Google Analytics makes it easy to create reports that bring some sense to what might otherwise be confusing data. There are a lot of different reports you can access, but some are probably a bit more useful than others.

You can access reports from the left sidebar of the “Reporting” screen on your analytics dashboard. These are arranged by Audience, Acquisition, Behavior, and Conversions, much like a sales funnel would be. Beneath each of these sections are a variety of specific reports related to the section but in a specific way. You should definitely take the time to explore each report (there are many!), but there are a few to pay specific attention to that touch on what are probably your core concerns:

  • Who is my audience and what are they doing?
  • How is my audience getting to my site?
  • Is my social media marketing working?
  • Is my website successfully converting?

Audience Reports

Not to exaggerate, but there are a ton of reports you can get from the Audience section of Google Analytics. These are just some of the most useful ones.

  • Mobile: Since we’re now in an age where Google penalizes websites for not being mobile friendly, you can’t skip these reports. Mobile reports let you see how well your site is doing on various devices. Check this regularly, especially after you’ve made website design changes.
  • Users Flow: The Users Flow report helps you see, through visual interpretation of your data, the relative volume of your traffic based on a dimension (i.e. a filter) that you choose, the relative volume of pageviews of specific pages or collections of pages, and other specific metrics. This report is focused specifically on the pages your visitors go to and the route they take.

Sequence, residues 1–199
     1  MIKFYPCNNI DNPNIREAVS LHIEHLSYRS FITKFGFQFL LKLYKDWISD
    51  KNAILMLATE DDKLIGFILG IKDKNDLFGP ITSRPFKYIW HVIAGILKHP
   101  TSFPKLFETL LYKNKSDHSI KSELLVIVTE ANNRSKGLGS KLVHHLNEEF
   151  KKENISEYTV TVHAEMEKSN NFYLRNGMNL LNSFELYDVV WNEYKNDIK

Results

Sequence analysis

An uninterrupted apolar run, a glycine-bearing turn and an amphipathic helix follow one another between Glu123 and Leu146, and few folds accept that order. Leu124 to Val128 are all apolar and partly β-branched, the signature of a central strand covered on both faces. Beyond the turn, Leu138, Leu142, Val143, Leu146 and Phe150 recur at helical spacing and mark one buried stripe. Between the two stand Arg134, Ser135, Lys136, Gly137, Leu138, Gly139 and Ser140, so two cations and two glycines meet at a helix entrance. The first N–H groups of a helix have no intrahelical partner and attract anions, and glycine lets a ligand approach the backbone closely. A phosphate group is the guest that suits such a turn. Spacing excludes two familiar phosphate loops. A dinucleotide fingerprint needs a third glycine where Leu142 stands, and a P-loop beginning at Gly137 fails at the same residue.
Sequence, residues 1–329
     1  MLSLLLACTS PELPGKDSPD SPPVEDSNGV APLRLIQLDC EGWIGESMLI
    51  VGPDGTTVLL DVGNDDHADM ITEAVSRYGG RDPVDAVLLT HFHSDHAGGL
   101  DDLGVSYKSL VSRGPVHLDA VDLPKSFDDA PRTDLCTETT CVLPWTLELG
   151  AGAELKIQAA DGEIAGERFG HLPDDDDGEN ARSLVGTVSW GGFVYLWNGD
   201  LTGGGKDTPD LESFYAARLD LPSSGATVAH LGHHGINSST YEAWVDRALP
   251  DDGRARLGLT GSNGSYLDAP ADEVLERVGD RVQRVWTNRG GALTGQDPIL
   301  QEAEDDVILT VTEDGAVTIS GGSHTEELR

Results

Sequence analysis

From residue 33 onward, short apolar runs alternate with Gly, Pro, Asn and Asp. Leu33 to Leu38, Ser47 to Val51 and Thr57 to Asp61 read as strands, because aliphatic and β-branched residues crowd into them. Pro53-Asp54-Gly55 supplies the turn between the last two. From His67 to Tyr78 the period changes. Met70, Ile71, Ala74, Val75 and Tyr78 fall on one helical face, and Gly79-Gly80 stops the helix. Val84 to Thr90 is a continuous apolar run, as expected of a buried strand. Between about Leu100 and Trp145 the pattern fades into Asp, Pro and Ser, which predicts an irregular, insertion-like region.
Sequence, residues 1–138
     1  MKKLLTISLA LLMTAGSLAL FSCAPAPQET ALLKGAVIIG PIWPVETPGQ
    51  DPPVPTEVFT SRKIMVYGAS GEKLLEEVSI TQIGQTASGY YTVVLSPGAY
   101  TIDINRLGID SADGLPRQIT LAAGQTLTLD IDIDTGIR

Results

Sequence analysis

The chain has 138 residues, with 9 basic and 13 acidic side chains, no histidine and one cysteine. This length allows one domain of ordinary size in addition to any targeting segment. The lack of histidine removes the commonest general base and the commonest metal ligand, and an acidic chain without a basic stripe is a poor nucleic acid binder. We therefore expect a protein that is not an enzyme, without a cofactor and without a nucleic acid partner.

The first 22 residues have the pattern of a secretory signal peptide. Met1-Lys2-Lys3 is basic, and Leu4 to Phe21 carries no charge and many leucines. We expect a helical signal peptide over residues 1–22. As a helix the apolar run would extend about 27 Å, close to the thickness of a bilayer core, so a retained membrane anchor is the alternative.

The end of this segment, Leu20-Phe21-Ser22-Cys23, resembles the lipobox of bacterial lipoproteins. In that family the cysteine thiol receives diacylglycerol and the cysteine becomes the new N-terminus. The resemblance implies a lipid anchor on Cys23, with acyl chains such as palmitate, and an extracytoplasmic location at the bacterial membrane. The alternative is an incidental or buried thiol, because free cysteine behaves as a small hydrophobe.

Traffic Reports

You can locate your traffic reports in Acquisition > All Traffic as well as Acquisition > Overview.


In this section, you can see some of the things we covered early, including traffic sources, and referrals.

  • Treemaps: This strange-sounding report is a way to visually see data trends. This helps you form theories about your traffic because it shows different relationships in your traffic data.
  • Referrals: Finding out who is sending traffic your way should prompt you to take an active approach; go to the sites and pages and see what context they are linking to your site. Take a look at the behavior of the visitors that come from that referral site. If you’ve done some guest posting, watch for related traffic so you know which efforts pay off. And keep an eye out for spammy sites so that you can exclude them from your referral traffic data.
  • Channels: Google provides default channel groupings of your traffic (e.g. “paid search” or “direct”), but you can also create custom groupings to provide more valuable channel data. These might be based on things like landing page URL, traffic from specific partner sites, and so on. The default channels provide significant information, but you might need more customization depending on what you want to track.

Frankly, most Google Analytics users make the traffic reports their first (and sometimes, only) stop, hitting the “Overview” section and doing little else. Hopefully that’s not your approach, even though the traffic reports are some of the most important.

Social Reports